Virtual packages are created: java-compiler, java2-compiler, java-virtual-machine, java1-runtime and java2-runtime.
All Java code must be shipped as Java bytecode (*.class files, packaged in a *.jar archive) and with "Architecture: all".
Packages written in Java are separated in two categories: programs and libraries. Programs are intended to be run by end-users. Libraries are intended to help programs to run and to be used by developers.
Both are shipped as Java bytecode (*.class files, packaged in a *.jar archive) and with an "Architecture: all" since Java bytecode is supposed to be portable. It may additionally be shipped as machine code, as produced for example by the GNU Compiler for Java, in a separate architecture-specific package.
This policy does not yet address the issue of documentation (for instance HTML pages made with javadoc).
Java virtual machines must provide java-virtual-machine and depend on java-common. They can also provide the runtime environment that the package contains (java1-runtime and/or java2-runtime). If it does not provide the files itself it must depend on the needed runtime environment.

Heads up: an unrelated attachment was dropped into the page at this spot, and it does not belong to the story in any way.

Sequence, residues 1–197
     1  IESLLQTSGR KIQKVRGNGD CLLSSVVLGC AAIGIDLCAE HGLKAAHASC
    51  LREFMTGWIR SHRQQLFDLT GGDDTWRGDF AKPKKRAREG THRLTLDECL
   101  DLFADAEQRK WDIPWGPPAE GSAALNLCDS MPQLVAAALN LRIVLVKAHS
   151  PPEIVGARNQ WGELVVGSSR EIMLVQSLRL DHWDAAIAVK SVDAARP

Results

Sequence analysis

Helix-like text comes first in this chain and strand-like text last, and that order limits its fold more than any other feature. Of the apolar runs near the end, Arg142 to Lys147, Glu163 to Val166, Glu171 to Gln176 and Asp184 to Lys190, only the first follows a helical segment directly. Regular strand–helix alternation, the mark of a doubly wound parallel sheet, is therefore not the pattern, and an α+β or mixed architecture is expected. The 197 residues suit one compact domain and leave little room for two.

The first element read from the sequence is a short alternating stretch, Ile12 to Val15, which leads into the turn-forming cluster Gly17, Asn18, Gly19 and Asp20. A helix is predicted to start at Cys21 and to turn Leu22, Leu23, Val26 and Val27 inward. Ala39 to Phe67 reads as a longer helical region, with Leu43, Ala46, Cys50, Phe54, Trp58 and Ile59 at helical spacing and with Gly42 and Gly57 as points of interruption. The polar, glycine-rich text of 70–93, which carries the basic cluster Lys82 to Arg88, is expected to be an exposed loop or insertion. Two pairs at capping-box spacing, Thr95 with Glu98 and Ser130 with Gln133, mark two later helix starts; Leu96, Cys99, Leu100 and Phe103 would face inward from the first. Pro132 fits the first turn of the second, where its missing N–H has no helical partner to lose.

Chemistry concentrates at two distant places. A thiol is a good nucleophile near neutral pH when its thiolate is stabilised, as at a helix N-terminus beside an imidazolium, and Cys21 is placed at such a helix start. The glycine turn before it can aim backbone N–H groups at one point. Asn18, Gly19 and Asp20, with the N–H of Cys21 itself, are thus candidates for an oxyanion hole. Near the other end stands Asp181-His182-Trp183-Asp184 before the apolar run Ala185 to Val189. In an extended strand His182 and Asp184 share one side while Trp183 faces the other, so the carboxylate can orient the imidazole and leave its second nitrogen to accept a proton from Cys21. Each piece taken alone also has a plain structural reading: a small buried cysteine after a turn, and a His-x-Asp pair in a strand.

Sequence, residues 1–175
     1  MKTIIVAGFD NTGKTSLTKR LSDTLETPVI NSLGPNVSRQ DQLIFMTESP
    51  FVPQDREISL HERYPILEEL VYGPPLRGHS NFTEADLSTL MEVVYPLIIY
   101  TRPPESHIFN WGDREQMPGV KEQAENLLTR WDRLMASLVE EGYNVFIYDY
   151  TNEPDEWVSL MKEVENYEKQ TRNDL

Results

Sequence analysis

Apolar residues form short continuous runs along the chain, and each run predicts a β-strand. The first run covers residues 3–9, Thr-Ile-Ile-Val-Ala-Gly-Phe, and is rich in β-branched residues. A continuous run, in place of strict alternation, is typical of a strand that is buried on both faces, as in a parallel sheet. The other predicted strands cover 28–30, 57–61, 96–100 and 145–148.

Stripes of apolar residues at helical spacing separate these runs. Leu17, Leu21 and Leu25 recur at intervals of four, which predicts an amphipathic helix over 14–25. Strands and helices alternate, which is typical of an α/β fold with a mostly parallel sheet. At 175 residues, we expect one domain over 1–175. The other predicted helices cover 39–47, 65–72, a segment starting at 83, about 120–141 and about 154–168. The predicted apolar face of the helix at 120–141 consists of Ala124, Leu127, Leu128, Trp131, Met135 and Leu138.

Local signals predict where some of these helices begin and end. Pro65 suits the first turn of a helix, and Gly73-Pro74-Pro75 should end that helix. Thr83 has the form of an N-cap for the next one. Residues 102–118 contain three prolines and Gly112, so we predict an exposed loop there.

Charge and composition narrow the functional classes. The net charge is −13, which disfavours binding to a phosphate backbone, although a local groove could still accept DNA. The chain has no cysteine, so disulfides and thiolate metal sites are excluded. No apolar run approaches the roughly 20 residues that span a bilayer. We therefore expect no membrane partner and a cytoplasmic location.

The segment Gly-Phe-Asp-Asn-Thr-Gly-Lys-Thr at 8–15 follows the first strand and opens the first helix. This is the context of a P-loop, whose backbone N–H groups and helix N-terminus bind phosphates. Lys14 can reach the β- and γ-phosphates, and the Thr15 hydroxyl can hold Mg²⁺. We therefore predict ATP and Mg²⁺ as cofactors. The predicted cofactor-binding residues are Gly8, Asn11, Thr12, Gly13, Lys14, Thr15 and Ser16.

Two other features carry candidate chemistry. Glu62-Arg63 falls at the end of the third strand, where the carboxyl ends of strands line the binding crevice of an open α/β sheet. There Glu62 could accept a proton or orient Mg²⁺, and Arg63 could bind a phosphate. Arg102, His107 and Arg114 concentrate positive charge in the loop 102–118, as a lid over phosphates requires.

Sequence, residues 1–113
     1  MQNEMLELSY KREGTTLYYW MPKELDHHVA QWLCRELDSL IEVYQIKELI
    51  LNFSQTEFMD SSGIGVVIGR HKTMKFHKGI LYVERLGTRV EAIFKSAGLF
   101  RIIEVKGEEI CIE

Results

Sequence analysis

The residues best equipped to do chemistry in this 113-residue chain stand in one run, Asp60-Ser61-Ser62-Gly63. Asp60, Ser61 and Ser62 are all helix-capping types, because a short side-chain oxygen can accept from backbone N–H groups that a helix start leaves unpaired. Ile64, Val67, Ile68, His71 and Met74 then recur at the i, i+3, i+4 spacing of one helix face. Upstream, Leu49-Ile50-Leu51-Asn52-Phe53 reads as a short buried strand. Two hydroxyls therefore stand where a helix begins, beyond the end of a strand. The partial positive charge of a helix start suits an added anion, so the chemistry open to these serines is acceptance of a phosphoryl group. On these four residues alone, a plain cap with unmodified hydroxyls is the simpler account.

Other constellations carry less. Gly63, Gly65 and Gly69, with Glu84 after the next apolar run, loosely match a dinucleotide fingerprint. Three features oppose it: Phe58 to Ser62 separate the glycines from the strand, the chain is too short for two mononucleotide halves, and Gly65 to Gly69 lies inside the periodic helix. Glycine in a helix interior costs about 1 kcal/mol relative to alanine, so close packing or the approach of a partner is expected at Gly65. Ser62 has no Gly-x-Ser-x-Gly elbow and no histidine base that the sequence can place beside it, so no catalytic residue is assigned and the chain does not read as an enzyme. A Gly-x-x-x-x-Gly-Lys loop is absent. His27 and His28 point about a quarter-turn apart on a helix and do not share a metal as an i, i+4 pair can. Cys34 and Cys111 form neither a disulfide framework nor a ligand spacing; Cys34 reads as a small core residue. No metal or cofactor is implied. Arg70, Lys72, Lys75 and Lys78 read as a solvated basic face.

Packages that contain a runtime conforming to the Java 1.1 specification should provide java1-runtime. Packages that contain a runtime conforming to the Java 2 specification should provide java2-runtime. If a package conforms to both, then it should provide both; however, packages that do not implement the methods from Java 1.1 that have been deprecated in Java 2 must not provide java1-runtime.
They should use /etc/alternatives for the name 'java' if they are command-line compatible with the Sun's java program.
They should have a CLASSPATH predefined which include the needed runtime environment.
If a given source (like the JDK does) brings both a compiler and a virtual machine, you may name the compiler package xxxx-dev.
Some Java classes implement their routines using a "native" language (such as C). This native code is compiled and stored in dynamic libraries (such as JNI modules) that are loaded at runtime. If a virtual machine supports native code, it must include the directory /usr/lib/jni in its search path for these dynamic libraries.